The photographer’s main source of inspiration comes from an encounter, that of nature and light. Lars Van de Goor photographs trees from Nordic forests under the famous Dutch light, which renders landscapes mysterious and bewitching, as though they’re from another world.

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Born in Australia, Ben Thomas graduated from the Adelaide International School of Digital Special Effects and Animation. Since 2003, he has lived and worked in Melbourne, capital of South Australia, which he sees as a constant source of inspiration for his art and the starting point of his artistic approach. The artist enjoys capturing the living areas of its residents and the city’s organisation. Armed with his lens, he thus presents a vision of Melbourne that is both unusual and playful. In 2007, he completed his first photographic series entitled Cityshrinker. His photographs are published and shown throughout the world, particularly in the United States, Paris, Berlin, Tokyo and of course, Melbourne. He has recently worked for major corporations such as Sony, Cake, Singapore Airlines, Penguin Books, and Chronicle Books.

Ben Thomas won an AWARD at the Hasselblad Masters 2018 in the “Street / Urban” Category.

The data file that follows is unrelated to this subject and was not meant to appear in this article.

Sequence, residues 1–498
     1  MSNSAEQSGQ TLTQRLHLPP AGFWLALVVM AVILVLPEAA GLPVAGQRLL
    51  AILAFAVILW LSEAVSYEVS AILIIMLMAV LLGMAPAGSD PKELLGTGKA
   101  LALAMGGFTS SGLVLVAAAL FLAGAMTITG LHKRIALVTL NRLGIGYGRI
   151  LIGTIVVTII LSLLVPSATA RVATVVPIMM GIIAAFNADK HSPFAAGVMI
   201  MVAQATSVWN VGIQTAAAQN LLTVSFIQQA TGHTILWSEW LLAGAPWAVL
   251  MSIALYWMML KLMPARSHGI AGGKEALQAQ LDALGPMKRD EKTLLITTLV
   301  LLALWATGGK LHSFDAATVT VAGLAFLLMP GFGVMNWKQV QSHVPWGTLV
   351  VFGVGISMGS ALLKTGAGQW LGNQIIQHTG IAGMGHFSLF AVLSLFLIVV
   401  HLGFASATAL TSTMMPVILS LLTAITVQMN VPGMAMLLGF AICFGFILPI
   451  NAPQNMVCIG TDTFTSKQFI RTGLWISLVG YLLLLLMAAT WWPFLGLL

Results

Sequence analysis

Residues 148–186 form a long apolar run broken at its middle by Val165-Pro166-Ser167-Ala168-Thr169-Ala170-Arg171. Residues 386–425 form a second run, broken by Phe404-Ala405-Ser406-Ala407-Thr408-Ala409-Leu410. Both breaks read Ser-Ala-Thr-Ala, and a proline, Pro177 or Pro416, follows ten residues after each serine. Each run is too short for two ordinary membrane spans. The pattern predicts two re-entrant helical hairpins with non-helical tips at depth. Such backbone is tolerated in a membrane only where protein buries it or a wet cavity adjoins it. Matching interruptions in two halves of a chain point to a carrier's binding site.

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Ben Thomas likes to capture the living spaces of residents and their organisation. Taken from distanciated and elevated viewpoints (the tops of buildings, or from a helicopter), his photographs are reworked in postproduction. He thus creates new points of view that resemble models.

Designed to perturb the spectator’s gaze by removing the barriers between fiction and reality, this technique of distanciation similar to “tilt shift” provides an original and playful view of the city. However, spectators discover real subjects in his images, captured to scale each time. The figures look like figurines, like actors in a fully operational virtual world. Similarly, the locations seem both strange and familiar to us.